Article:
The deal includes $18 million in guaranteed salary, sources told ESPNDallas.com's Calvin Watkins.
Austin signed a $3.168 million contract in June. Austin's extension is worth $54 million, bringing the total value of his contract to $57 million.
"He's going to be around here a long time," Cowboys vice president Stephen Jones said during a teleconference announcing the deal.
Cowboys owner Jerry Jones had repeatedly said the Cowboys wanted to sign the receiver coming off a breakout season to a long-term deal. That finally came Thursday, three days before the season opener at Washington.
"My career started here, you guys gave me a shot and obviously I put my all out there every day," said Austin, who was pulled out of offensive meetings for the unexpected yet unsurprising announcement. "It feels great to be wanted by this team because I want to be here."
In his first career start last October at Kansas City, Austin had 10 catches for a team-record 250 yards and two late touchdowns, including the 60-yard game winner in overtime. He broke the single-game yardage record held by Hall of Fame receiver "Bullet Bob" Hayes since 1966.
That was quite a breakout performance for Austin, who entered that game with 23 career catches, including five in the first four games last season.
Yet, he wasn't a one-game wonder.
His encore was six catches for 171 yards and two more TDs in Dallas' next game. He went on to earn a spot in the Pro Bowl by finishing the season with 81 catches for 1,320 yards, sixth-best in team history and the sixth-best by any undrafted receiver ever in the NFL.
The Cowboys certainly don't anticipate the 26-year-old receiver from tiny Monmouth College in New Jersey to be only a one-year wonder either.
"We all are familiar and admire the way Miles has evolved into the player he is today. We're also very impressed with the person that he is," Stephen Jones said. "I've never felt like when we have made this kind of commitment to any individual that we've ever been as prepared or better informed about what he is as a player and as a person. That's a good feeling and made this very comfortable in terms of getting this done.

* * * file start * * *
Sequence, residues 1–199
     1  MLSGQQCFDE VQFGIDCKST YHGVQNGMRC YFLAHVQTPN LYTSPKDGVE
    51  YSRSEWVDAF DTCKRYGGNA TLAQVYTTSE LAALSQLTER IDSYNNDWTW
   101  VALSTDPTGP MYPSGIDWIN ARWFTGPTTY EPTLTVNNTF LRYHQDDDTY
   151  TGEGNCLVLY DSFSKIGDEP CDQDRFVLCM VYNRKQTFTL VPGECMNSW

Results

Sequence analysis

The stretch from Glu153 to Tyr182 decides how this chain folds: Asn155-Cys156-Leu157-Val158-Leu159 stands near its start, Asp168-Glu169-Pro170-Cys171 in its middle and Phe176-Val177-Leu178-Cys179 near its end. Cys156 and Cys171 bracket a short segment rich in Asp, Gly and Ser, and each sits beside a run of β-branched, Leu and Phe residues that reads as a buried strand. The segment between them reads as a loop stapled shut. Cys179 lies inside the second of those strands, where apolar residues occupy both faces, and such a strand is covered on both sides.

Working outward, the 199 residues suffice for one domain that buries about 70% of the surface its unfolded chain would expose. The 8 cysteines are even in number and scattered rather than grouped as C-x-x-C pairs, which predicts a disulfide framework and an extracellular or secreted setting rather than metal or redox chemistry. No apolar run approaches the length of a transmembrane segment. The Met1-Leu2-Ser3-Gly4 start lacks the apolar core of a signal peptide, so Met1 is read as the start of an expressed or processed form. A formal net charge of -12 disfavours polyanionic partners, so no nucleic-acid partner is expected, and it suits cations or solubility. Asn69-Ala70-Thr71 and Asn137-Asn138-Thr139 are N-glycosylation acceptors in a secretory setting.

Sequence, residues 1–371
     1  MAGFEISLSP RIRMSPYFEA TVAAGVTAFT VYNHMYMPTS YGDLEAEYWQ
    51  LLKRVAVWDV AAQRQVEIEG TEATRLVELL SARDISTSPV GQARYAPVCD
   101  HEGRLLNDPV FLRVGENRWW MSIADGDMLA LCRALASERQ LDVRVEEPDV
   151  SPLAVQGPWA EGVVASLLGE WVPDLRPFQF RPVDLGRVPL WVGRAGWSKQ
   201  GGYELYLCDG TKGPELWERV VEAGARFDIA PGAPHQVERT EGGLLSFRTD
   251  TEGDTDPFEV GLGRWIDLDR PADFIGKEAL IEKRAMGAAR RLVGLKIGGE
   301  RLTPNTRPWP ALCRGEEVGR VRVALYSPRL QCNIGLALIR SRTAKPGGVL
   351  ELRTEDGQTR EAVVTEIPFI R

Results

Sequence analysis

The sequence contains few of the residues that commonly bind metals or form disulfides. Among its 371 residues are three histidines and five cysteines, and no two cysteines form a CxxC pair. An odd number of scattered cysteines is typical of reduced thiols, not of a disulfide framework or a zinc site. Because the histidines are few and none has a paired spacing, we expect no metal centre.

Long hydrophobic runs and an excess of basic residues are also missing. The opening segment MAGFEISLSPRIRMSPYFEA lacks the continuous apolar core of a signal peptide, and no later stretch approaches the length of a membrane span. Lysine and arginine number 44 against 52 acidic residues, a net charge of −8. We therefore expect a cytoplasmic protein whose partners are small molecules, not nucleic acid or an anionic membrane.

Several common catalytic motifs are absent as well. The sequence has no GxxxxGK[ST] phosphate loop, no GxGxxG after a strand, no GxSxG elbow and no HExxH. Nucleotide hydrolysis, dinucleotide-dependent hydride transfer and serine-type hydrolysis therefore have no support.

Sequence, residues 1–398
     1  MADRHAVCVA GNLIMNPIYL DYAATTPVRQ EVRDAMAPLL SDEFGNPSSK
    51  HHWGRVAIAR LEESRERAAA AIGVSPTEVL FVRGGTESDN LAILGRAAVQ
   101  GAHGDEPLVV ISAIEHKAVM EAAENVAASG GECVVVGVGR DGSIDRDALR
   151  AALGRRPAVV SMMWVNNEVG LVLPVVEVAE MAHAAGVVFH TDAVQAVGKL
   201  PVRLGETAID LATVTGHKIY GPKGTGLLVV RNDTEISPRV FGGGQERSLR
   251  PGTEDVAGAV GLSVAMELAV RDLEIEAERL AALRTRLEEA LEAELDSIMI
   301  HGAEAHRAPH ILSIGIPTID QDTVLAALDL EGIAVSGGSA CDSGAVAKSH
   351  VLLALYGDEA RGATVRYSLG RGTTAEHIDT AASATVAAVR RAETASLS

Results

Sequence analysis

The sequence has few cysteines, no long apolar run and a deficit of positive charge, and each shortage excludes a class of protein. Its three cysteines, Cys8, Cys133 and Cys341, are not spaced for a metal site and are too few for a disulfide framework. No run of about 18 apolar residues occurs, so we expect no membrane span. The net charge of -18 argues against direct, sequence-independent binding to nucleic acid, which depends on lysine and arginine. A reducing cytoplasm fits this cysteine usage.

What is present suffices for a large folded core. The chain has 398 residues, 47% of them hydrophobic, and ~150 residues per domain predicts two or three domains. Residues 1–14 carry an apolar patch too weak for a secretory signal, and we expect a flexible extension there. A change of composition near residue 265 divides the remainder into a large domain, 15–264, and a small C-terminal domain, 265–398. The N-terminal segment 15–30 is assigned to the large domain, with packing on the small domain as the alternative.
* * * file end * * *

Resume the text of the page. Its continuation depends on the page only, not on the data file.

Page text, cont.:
"He's what we want to build our franchise around," Jones said.
The Cowboys already had quarterback Tony Romo, who like Austin came into the league as an undrafted free agent, signed to a long-term contract along with linebacker DeMarcus Ware, tight end Jason Witten and nose tackle Jay Ratliff. All are Pro Bowl players.
Stephen Jones said it was important to get Austin's deal done before the start of the new season, though he said "it happened in short order" once negotiations really began after the team returned from training camp in Oxnard, Calif., about two weeks ago.
"The big thing we needed to do was just get our hands around all the uncertainties that are out there," Stephen Jones said, referring to pending NFL negotiations with the players' union. "At the end of the day we knew were going to have Miles and we were going to figure out how to make that work."
Coach Wade Phillips said Austin continued to work hard during the offseason and into preseason workouts even though the contract situation had to be on his mind. And the coach isn't concerned about Austin's quick ascension from virtual unknown to Pro Bowl player with a long-term contract in less than a year's time.
"I am confident in Miles. Yeah, he's only done it one year, but what a year," Phillips said. "He's shown so many things. He had the greatest game in Cowboys history. That's pretty strong. It's not like a guy who just had a good year. He had a tremendous year, and he had tremendous games that nobody's had before. I think that's part of the confidence.
"He's such a hard worker, he is a great athlete and he's learned how to pull it all together. I think that will continue."
Information from The Associated Press contributed to this report.